Second-only to crisis insurance, gold's biggest draw for managed money and private wealth alike was what was happening to interest rates. A growing number of investors had spotted what Larry Summers noted when he was first teaching at Harvard, rather than advising the U.S. president -- that gold prices rise when interest rates fall below the pace of inflation (see SSRN). This "real interest rate" case for gold made sense to Wall Street both intuitively (people buy rare, indestructible gold when cash in the bank loses value) and economically (the opportunity cost of owning gold falls when interest rates drop). Sub-zero real rates of interest also offer the one common link between gold's inflationary bull market of the 1970s and the credit bubble and pop background of the last decade, too.
But as gold's link to real interest rates became more widely known, so it became self-fulfilling, and gold prices began moving in lockstep with another measure of real interest rates, the price of inflation-protected Treasury bonds (TIPS). That relationship started to break down in late 2011 (see FT), and it's a wonder perhaps that Wall Street took nearly a year to notice. Harder to blank is the Federal Reserve, and whispers about an end to quantitative easing became something like a shout last week with the release of minutes from the Fed's policy meeting in March (see Forbes). No, interest rates are still slated to stay at zero until mid-2015. Meaning they'll likely stay below inflation for many more years to come. But the direction of real U.S. interest rates in fact turned higher in September 2011, the month that gold hit its current all-time dollar-price high (see Gold News). Wall Street may well be right to see the two facts as closely related.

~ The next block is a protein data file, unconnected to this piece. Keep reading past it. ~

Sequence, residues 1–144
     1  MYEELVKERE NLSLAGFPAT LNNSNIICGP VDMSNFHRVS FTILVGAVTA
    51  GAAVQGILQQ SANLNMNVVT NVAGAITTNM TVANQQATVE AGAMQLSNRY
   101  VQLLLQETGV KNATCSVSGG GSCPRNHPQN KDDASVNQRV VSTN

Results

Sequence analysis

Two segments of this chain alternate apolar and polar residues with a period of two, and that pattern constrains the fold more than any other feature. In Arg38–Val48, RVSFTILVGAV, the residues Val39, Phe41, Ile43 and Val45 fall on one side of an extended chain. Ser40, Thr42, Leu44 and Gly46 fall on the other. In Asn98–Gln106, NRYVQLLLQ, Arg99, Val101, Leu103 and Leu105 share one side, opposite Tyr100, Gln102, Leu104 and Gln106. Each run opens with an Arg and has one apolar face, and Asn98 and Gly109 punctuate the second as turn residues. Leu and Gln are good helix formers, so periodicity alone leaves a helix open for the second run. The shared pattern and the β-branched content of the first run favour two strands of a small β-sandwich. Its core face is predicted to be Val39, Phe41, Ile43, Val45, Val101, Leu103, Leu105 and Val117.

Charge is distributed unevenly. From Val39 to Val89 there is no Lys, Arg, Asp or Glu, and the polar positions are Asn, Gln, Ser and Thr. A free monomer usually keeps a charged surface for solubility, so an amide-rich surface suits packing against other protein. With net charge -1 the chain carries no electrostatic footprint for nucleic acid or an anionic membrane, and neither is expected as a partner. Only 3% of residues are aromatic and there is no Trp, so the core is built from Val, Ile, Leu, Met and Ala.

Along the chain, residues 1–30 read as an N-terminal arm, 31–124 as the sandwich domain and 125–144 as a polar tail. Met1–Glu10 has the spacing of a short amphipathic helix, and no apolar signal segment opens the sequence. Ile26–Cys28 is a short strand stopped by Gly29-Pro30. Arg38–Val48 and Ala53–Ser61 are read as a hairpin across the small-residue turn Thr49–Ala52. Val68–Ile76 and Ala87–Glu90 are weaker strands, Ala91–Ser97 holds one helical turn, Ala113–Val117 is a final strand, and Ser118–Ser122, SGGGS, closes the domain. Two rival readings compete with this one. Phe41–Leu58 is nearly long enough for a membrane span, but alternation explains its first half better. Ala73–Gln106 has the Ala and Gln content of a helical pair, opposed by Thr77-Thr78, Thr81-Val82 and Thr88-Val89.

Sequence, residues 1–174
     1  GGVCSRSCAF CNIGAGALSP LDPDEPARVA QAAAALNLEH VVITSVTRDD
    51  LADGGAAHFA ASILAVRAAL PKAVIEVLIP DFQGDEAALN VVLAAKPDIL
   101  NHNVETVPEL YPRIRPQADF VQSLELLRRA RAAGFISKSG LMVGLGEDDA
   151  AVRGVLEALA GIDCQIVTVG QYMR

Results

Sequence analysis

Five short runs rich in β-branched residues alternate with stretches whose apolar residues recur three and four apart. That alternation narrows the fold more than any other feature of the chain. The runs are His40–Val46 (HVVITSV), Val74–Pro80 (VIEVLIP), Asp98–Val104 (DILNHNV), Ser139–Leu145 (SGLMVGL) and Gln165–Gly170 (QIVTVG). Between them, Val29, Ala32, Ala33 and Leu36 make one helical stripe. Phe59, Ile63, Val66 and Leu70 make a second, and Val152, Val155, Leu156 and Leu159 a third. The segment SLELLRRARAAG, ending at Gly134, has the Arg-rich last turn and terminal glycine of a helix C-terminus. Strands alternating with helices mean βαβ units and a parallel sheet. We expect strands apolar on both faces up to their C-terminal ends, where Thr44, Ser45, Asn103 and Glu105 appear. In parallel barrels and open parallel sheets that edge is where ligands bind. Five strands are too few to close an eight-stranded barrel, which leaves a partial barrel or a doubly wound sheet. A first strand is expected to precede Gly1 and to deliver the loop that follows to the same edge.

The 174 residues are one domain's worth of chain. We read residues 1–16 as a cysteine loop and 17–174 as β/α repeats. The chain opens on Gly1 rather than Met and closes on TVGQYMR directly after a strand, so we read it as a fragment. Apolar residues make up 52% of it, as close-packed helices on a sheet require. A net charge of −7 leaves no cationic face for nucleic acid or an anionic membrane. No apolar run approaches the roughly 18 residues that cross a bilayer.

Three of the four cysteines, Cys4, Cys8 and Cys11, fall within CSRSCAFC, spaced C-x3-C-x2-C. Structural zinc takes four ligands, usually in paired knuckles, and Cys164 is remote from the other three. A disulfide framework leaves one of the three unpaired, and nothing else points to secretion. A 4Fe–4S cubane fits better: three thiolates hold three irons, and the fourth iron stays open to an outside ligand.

Nothing about gold has changed of course. But then gold itself was never really the point. Gold has few industrial uses compared to silver, let alone copper. Gold does so little in fact that it doesn't even rust. That made it highly useful as money in times gone by, and it has plainly made it very useful to savers and investors wanting to escape the economic meltdown caused by the financial crisis so far. Money managers have now grown tired of that story however, and looking ahead they'll no doubt point to gold's long two-decade bear market of the 1980s and '90s. Real U.S. interest rates, however, then paid 4% and 5% per year above the pace of inflation. Skipping straight to the end, money managers would also miss the sharp pullback in gold of the mid-1970s.